theodicy

[thee-od-uh-see]
noun, plural theodicies.
a vindication of the divine attributes, particularly holiness and justice, in establishing or allowing the existence of physical and moral evil.

Origin:
1790–1800; theo- + Greek dík(ē) justice + -y3, modeled on French théodicée, a coinage of Leibniz

theodicean, adjective
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World English Dictionary
theodicy (θɪˈɒdɪsɪ)
 
n , pl -cies
the branch of theology concerned with defending the attributes of God against objections resulting from physical and moral evil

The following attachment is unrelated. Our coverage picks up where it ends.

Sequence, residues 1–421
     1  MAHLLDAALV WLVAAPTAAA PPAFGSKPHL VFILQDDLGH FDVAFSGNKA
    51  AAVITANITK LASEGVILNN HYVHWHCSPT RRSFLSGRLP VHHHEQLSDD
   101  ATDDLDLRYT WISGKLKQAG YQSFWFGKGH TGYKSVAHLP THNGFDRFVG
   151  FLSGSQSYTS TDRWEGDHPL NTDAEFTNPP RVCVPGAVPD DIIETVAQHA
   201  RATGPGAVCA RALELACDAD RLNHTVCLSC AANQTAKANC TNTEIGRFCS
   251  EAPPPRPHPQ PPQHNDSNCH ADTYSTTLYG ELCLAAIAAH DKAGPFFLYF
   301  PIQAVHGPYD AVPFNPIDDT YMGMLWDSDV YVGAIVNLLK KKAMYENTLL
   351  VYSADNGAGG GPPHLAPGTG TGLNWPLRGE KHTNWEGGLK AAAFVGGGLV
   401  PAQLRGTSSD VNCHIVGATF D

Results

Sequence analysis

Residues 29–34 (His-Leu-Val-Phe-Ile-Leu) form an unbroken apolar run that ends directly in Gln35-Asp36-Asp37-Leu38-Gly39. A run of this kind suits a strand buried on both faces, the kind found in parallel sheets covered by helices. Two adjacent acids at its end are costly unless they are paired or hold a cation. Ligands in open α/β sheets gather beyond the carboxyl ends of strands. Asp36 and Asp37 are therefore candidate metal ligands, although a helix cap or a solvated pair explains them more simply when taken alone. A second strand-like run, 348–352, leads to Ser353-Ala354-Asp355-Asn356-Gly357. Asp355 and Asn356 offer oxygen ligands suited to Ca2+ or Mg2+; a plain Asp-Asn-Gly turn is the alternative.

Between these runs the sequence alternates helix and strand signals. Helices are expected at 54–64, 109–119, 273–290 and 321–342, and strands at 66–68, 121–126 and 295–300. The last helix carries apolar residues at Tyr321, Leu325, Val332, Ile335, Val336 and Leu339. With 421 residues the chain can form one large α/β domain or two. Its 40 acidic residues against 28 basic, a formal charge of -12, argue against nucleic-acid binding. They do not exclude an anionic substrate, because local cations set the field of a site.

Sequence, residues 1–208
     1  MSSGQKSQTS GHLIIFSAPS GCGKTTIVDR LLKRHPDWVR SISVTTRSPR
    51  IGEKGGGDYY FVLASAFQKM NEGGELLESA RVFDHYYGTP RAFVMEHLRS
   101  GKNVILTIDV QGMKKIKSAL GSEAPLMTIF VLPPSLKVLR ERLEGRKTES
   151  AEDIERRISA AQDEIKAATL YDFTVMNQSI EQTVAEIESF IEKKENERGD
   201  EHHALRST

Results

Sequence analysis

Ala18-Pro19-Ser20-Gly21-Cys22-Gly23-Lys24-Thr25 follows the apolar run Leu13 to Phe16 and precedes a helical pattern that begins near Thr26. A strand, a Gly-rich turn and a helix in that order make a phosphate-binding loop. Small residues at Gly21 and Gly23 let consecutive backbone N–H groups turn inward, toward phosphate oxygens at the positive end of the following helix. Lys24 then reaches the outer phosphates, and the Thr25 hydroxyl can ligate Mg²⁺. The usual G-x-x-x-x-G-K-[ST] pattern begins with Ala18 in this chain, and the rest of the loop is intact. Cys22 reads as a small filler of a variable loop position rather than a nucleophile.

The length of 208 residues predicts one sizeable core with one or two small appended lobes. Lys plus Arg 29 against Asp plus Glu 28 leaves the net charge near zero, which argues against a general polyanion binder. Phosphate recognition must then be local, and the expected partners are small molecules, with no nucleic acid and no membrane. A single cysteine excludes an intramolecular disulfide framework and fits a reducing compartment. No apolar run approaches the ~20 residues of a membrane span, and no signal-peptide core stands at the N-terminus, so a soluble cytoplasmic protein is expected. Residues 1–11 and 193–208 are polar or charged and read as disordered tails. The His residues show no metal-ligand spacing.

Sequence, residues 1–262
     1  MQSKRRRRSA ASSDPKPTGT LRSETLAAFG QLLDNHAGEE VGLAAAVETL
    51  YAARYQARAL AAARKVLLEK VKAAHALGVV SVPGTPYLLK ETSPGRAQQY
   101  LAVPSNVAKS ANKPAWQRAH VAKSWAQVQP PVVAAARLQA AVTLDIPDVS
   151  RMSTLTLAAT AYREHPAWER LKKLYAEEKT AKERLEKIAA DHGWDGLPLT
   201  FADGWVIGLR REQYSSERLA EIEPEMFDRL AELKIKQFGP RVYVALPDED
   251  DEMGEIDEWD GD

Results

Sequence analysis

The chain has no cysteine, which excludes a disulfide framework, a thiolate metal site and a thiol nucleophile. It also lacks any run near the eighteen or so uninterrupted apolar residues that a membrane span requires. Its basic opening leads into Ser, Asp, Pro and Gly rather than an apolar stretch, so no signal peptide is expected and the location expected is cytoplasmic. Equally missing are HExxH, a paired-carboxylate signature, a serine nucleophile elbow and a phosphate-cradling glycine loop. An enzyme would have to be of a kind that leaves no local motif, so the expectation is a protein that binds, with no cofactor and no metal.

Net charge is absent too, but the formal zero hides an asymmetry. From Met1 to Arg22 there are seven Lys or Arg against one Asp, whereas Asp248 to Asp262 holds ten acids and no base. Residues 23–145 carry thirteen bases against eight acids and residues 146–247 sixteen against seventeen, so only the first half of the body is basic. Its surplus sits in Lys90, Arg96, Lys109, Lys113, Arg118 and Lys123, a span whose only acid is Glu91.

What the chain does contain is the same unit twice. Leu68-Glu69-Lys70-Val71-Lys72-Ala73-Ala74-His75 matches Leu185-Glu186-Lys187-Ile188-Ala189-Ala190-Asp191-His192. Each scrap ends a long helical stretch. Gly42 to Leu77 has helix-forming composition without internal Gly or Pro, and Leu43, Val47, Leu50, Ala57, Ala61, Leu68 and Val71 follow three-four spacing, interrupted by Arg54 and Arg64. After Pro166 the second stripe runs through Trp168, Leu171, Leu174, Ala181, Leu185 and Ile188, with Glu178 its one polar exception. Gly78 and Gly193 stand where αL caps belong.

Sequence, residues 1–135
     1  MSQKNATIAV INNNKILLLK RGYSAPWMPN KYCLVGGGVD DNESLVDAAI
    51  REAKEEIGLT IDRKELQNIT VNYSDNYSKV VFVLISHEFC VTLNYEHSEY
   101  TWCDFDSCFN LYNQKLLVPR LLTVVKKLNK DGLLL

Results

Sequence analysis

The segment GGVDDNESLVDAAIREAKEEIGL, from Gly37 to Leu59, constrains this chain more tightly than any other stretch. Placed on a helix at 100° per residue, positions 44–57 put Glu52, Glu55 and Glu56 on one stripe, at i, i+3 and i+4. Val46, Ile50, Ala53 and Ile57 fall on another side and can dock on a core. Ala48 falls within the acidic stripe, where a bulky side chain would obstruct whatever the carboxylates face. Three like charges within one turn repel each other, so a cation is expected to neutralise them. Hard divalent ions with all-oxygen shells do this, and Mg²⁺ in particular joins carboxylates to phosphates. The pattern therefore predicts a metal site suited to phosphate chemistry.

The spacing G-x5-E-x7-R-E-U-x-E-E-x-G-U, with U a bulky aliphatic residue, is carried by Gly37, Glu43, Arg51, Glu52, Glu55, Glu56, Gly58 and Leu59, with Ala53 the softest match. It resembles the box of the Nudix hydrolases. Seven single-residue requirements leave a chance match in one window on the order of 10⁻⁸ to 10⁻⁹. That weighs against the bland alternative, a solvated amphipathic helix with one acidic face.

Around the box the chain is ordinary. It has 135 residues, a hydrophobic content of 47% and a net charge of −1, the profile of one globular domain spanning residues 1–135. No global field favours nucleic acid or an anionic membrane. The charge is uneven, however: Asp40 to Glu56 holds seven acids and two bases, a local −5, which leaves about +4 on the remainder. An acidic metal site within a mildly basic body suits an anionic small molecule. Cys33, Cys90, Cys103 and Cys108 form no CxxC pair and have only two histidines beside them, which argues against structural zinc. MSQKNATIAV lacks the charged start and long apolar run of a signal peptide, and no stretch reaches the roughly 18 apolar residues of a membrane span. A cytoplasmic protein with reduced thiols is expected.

[C18: coined by Leibnitz in French as théodicée, from theo- + Greek dikē justice]
 
theodi'cean
 
adj

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Example sentences
The philosopher discusses inequality and secular theodicy.
And on the theodicy question religion will ultimately fall.
Antique and abstract it may be, but thinking about theodicy still has the power to change lives.
It will become apparent in the chapters that follow that my use of theodicy is intentionally broad.
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